Why Little League is a Big Deal for Some Adults


I’ve seen them at a swim meet, a ballet lesson, a parent-teacher conference, a piano recital, or on the sidelines of the little league field—parents, who are too concerned and overbearing about their child’s performance. While being enthusiastically involved in your child’s life is a good thing, an obsession with their ability to perform perfectly at a social event can be harmful to their fragile self-esteem.

Participating in sports, playing an instrument, or going to school should not cause a child to feel humiliated or embarrassed, but I’ve seen it happen all too often. A parent’s expectations are too high or they compare one sibling to another and the child feels inferior at home plate—whether on the field or at the family dinner table. (Some parents wait until they get home to discourage a child for their public performance.)

As parents, we are here to guide and support our children to be the best they can be at whatever profession or life path they choose. Why are some parents so hard on their kids to achieve greatness? Here are some of my observations.


Parents with what we call a Type-A personality are usually competitive and work-obsessed to the point that their behavior is impacting their health and wellbeing. They feel a strong sense of urgency, are impatient, get easily frustrated or upset over small things, interrupt others, walk or talk rapidly, and may be hostile or aggressive. Someone with a Type-A personality may not even be aware that they are mistreating others—especially their children. It’s not uncommon for little league coaches to exhibit Type-A personalities.

Lack of Self-Esteem

Some parents are motivated by their own lack of self-esteem and may push their children into competitive or performance-based activities. Then, when the child fails at the task, the parent feels disappointed or takes it personally. They may try to get their kids to “take it like a man” in order to strengthen their ability to be successful. They may tell their child, “You’ll never grow up to amount to anything if you give up now. You have to keep taking piano lessons no matter how much you hate it now. You’ll thank me for this one day.”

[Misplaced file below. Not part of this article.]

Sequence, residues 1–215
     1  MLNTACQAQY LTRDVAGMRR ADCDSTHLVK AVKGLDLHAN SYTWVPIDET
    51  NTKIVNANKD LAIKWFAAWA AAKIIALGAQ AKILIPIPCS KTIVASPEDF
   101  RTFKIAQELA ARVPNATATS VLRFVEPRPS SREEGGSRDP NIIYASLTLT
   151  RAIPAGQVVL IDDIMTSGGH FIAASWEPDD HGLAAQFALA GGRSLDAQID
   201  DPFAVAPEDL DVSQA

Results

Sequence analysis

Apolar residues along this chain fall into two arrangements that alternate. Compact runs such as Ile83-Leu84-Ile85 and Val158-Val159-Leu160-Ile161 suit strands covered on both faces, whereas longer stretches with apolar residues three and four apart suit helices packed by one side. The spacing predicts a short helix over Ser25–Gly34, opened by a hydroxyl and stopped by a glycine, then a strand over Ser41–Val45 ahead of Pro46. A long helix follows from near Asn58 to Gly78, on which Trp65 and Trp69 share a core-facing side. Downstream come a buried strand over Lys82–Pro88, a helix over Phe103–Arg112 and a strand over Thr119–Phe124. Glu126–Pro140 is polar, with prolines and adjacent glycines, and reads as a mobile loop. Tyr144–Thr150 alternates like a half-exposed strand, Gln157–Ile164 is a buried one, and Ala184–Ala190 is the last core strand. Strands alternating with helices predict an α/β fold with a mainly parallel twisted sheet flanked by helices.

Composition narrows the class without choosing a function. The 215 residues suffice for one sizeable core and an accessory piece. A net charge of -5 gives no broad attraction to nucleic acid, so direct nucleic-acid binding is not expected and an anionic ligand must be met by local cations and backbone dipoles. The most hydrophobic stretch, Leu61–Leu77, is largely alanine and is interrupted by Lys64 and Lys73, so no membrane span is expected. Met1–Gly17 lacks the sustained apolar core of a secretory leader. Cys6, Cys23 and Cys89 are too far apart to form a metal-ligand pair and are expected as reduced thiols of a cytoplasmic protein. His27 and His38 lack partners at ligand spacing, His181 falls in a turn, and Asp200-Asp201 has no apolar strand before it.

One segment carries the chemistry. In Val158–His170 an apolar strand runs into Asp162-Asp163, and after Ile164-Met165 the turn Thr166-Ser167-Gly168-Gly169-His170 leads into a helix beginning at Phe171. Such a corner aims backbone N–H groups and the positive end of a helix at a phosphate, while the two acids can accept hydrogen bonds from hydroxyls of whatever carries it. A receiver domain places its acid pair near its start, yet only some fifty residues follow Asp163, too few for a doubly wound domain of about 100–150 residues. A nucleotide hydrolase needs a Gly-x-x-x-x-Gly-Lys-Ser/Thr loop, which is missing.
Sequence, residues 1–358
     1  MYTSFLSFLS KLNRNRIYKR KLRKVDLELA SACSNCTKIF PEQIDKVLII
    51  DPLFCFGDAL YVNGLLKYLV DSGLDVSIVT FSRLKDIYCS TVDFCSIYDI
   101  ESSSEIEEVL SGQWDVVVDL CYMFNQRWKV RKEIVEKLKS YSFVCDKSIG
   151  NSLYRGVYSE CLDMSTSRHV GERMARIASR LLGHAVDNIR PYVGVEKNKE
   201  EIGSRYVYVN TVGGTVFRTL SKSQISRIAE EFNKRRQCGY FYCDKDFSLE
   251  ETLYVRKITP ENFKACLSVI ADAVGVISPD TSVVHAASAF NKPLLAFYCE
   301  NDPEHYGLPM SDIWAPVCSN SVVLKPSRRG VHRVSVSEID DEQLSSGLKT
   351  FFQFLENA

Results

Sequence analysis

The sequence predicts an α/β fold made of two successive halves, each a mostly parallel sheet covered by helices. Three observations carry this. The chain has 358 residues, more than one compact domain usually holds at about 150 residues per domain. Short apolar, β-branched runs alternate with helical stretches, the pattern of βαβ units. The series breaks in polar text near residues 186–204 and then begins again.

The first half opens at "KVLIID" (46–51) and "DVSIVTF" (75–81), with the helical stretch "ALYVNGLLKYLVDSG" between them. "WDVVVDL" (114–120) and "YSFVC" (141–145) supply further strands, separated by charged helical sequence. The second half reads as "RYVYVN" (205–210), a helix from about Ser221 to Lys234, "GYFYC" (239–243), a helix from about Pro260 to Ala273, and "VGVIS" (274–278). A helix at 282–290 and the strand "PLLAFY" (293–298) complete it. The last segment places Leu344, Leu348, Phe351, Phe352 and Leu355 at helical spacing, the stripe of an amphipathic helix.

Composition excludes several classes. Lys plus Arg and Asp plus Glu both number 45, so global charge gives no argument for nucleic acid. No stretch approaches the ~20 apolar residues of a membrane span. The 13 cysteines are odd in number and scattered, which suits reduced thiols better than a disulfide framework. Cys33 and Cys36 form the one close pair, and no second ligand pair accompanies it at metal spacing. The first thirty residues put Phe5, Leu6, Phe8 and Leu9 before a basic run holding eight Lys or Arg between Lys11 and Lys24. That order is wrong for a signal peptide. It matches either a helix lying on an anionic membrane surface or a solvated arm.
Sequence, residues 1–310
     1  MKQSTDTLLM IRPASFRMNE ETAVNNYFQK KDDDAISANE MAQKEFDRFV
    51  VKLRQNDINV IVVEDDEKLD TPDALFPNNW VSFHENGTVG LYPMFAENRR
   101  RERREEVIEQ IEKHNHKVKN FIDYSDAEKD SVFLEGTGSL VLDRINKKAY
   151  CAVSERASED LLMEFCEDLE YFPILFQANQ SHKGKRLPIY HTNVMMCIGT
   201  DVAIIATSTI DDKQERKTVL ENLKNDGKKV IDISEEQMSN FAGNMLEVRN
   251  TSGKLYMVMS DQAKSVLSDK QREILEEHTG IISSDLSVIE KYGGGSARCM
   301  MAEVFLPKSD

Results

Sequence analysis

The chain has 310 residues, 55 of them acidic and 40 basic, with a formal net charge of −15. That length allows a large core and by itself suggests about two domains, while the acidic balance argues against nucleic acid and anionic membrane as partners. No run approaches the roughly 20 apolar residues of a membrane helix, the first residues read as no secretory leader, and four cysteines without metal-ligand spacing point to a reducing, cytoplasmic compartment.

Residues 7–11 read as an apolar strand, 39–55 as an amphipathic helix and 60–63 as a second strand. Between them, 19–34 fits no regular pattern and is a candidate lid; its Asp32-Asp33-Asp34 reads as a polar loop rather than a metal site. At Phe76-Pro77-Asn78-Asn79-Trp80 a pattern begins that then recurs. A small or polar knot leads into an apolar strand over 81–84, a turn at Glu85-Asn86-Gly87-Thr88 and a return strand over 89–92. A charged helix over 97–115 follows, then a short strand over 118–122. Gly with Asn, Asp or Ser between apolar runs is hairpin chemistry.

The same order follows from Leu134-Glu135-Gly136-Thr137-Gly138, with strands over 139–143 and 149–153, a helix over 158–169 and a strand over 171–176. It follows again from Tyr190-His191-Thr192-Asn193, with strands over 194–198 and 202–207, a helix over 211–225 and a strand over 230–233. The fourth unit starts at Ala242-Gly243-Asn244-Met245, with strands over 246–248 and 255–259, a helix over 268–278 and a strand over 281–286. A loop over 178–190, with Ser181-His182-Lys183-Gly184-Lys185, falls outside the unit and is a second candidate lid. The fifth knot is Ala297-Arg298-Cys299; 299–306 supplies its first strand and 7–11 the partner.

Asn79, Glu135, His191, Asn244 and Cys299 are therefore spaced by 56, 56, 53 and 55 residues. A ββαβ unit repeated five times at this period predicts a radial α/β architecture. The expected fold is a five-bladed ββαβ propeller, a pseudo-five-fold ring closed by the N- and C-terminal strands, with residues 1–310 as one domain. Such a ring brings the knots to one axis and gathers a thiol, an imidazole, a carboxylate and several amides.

Some parents feel embarrassed by their child’s mistakes and end up projecting their shame onto the innocent party. They may force their son to continue playing football because the father feels the boy is a sissy when he says he says he hates getting knocked down by his opponents. This parent may say things such as, “Knock them down before they get a chance to hit you.”

Living Vicariously Through Others

Those who hope to recover an unrealized dream of their own, may try to live and make up for it through their child’s life. This parent may say something like, “I could have been a professional ballplayer if my parents hadn’t made/let me quit the team when I was a teenager. You don’t know how lucky you are that I go to all your games.”

The TLC TV program, Toddlers and Tiaras, shows examples of moms who want their young daughters to win beauty pageants at all costs. Perhaps the mother is still feeling rejected because she never made the cheerleading team in high school.

I realize that parents don’t intend to harm their children. Many times we are simply repeating the parenting methods that were used to raise us. Intuitive children are more emotionally sensitive than some of the members of our generation.